IN THIS CHAPTER
Getting acquainted with color terminology
Making sense of process and spot colors
Working with color models in InDesign
Defining colors and tints
Importing colors from files
Sampling colors from images
Understanding color issues in imported graphics
Working with gradients
Editing, copying, and deleting swatches
Applying colors, tints, and gradients
Although color is most widely used by high-end publishers — people producing magazines and catalogs — color is becoming more accessible to all publishers thanks to the recent emergence of inexpensive color printers, color copiers, and leading-edge desktop-publishing programs. Whether you want to produce limited-run documents on a color printer, create newsletters using spot colors, or publish magazines and catalogs using process colors and special inks, InDesign offers the tools that you need to do the job well.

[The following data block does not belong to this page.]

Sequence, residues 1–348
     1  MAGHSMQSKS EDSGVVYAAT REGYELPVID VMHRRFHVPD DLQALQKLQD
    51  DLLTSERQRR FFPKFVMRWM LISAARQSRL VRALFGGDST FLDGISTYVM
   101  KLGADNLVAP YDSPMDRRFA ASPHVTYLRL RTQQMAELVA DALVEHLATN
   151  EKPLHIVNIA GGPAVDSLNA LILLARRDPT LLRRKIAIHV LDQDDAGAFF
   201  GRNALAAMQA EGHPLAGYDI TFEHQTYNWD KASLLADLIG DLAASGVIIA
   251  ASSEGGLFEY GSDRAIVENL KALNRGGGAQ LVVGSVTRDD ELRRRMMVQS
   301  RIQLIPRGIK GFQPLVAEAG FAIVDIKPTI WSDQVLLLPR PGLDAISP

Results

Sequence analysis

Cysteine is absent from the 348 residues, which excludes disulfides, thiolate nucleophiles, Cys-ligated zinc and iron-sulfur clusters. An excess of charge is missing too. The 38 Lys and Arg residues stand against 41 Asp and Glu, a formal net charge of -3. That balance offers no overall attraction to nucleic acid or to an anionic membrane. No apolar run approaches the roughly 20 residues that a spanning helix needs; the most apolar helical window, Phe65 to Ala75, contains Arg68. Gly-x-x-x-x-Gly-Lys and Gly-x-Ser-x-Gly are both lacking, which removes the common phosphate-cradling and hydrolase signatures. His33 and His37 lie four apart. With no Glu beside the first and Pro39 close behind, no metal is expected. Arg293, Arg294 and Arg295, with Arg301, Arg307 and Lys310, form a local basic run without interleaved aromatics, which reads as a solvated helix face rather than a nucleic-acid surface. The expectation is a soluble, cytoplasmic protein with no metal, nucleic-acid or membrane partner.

But color is a complex issue in printing, which involves both physics and chemistry. The inks that produce color are designed chemically to retain those colors and to produce them evenly so that your images don't look mottled or faded. How light reflects off of ink and paper to your eye determines the color you see, and many factors (particularly different textures of paper) can affect the physics of how the light carries the color.
You also have implementation issues to consider: How many colors can your printing press produce, and how much will it cost? When do ...